BY THE COURT
erroneous judicial comment made in front of the jury that is
not a jury instruction or legal ruling will, from now on, be
reviewed as "judicial comment error" under the
constitutional harmlessness test from Chapman v.
California, 386 U.S. 18, 87 S.Ct. 824, 17 L.Ed.2d 705
(1967). Thus, the State, as the party benefitting from
judicial comment error, has the burden to prove beyond a
reasonable doubt that the error did not affect the outcome of
the trial in light of the entire record, i.e., prove
"there is no reasonable possibility that the error
affected the verdict." State v. Ward, 292 Kan.
541, 569, 256 P.3d 801 (2011).
Judicial comment error is reviewable on appeal despite the
lack of a contemporaneous objection at trial.
jury instruction, "Your verdict must be founded entirely
upon the evidence admitted and the law as given in these
instructions," is legally correct and does not prevent a
jury from exercising its power of nullification.
district court does not err when it tells a jury to follow
of the judgment of the Court of Appeals in an unpublished
opinion filed February 9, 2018.
from Stevens District Court; Clint B. Peterson, judge.
A. Kaul, of Kansas Appellate Defender Office, argued the
cause and was on the briefs for appellant.
Natalie A. Chalmers, assistant solicitor general, argued the
cause, and Paul F. Kitzke, county attorney, and Derek
Schmidt, attorney general, were with her on the briefs for
Stevens County jury convicted Christopher Boothby of
aggravated assault and criminal threat for pointing a gun at
his cousin, Jason Burnett, and threatening to come back when
Jason was alone. On appeal, Boothby argues the district court
judge committed judicial misconduct when he commented during
voir dire about a former case in which Boothby was charged
with aggravated battery.
we hold that an erroneous judicial comment made in front of
the jury that is not a jury instruction or legal ruling will
be reviewed as "judicial comment error" under the
Chapman constitutional harmlessness test. See
Chapman v. California, 386 U.S. 18, 24, 87 S.Ct.
824, 17 L.Ed.2d 705 (1967). That means the State, as the
party benefitting from judicial comment error, has the burden
to "prove beyond a reasonable doubt that the error
complained of will not or did not affect the outcome of the
trial in light of the entire record, i.e., prove
there is no reasonable possibility that the error affected
the verdict." State v. Ward, 292 Kan. 541, 569,
256 P.3d 801 (2011). We hold the State met this burden and
and Procedural Background
October 2014, Eugena (Gena) Burnett and her husband, Jason
Burnett, lived with their three children in Hugoton. One day
when Gena was home alone with the children, Boothby entered
the house and started screaming for Jason. Boothby had let
himself in through the front door, which was unlocked.
Startled, Gena and the children ran to the living room to see
what was happening. Boothby hollered, "Where's Jason
at?" Gena said that Jason was at work. Then Boothby
walked out and slammed the door.
and Jason had known Boothby since childhood. But, as Gena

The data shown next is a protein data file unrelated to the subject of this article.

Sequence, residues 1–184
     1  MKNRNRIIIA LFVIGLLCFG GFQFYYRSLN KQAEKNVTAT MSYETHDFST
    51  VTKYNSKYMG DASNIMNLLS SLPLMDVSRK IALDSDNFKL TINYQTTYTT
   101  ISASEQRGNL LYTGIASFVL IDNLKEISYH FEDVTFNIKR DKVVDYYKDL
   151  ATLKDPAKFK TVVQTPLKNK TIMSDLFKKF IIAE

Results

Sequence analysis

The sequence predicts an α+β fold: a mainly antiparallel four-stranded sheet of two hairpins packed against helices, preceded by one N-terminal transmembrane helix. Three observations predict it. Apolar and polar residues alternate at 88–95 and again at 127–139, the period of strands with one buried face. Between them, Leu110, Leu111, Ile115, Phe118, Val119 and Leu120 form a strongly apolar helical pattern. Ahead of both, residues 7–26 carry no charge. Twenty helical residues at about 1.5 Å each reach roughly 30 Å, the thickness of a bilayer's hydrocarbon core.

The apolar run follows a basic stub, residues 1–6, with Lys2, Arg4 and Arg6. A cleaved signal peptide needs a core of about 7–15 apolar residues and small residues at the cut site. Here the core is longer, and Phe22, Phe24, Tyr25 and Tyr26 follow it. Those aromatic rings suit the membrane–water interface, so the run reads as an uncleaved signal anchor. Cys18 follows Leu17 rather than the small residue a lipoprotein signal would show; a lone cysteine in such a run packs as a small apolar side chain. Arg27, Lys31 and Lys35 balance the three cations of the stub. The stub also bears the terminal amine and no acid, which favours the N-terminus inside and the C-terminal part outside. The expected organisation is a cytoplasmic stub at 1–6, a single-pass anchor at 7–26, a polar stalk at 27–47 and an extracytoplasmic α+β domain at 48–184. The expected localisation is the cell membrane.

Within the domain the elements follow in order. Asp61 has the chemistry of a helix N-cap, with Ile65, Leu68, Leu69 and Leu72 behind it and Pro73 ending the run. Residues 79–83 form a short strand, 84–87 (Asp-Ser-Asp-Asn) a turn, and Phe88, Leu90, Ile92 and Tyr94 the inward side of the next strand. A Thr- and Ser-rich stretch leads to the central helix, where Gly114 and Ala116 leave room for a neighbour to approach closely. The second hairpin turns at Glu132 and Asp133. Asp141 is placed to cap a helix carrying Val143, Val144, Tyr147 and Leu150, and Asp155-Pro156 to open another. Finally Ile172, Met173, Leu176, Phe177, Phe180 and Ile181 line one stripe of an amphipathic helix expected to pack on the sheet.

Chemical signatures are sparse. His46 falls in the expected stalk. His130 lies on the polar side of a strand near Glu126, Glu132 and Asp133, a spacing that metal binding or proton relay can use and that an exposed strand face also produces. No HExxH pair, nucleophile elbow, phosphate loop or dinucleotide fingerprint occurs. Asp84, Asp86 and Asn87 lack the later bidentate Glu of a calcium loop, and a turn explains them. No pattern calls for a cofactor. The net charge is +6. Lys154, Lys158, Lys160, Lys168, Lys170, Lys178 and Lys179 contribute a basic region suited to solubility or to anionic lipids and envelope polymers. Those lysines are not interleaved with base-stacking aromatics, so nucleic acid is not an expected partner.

later testified, the couple's relationship with Boothby
had recently "deteriorated." Gena recalled that
when Boothby entered her house that day, "He didn't
seem like himself. He was just really angry and screaming as
loud as he could. It startled my kids. Just kind of had a
wild look about him." Boothby's behavior scared
Gena, and she immediately called Jason to warn him that
Boothby was headed toward his work.
owned a diesel mechanic shop a mile east of Hugoton. When
Gena called, Jason was driving back to Hugoton, and an
employee was riding with him. They passed Boothby on the
highway and decided to wait in town, hoping Boothby would
leave the shop. After about 15 minutes, they returned to the
shop and found Boothby's truck parked outside. Boothby
pulled his truck up next to Boothby's, so the driver side
windows faced each other. Jason rolled down his window and
asked, "What's going on?" Boothby said nothing,
pulled his truck forward, and stopped again. Then Jason left
his employee in the truck and walked up to Boothby's
driver side window. Jason saw a silver revolver in
Boothby's lap and said, "What the fuck are you doing
with a gun out here, Chris?" Boothby replied that Jason
"knew what this is all about." Jason tried to grab
the gun twice, but Boothby pulled it away. During this
scuffle, Boothby pointed the gun at Jason.
dispute at trial was whether Boothby knowingly or
accidentally pointed the gun at Jason. Jason testified that
he reached into Boothby's truck to grab the gun, but
Boothby pulled it away. At that point, Boothby pointed the
gun at Jason. As Jason explained, Boothby "never picked
[the gun] up and pointed it out the window." Instead,
Boothby kept the gun in his lap and tilted it toward
Jason's face. Jason was scared and tried to grab the gun
again, to no avail.
scuffle ended when Boothby said, "I'll be back when
you are alone," and drove away. After this, Jason was
afraid to be alone with Boothby. On cross-examination, Jason
admitted that it was normal to see Boothby with a gun-they
had even shot guns with their sons at Jason's shop